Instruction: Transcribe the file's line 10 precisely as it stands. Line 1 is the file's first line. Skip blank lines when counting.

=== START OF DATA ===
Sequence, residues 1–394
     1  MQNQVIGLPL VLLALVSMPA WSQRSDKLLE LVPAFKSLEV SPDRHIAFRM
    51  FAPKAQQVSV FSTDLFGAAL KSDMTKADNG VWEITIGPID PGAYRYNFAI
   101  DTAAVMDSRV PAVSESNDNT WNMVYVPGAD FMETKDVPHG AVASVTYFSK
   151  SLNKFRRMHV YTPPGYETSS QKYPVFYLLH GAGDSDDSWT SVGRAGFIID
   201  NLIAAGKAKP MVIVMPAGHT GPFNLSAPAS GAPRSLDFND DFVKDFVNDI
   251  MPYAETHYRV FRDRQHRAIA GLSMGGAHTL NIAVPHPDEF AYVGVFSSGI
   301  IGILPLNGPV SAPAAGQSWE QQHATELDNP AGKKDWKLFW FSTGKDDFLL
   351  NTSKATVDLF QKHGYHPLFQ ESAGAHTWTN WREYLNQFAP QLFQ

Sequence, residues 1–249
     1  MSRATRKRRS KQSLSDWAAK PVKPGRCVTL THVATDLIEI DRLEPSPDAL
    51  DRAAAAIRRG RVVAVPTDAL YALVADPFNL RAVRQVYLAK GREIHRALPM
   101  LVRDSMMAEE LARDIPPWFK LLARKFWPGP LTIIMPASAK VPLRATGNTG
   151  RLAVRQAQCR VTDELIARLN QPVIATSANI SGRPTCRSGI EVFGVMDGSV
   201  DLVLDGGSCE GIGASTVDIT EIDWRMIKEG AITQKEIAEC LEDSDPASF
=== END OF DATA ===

Sequence, residues 1–249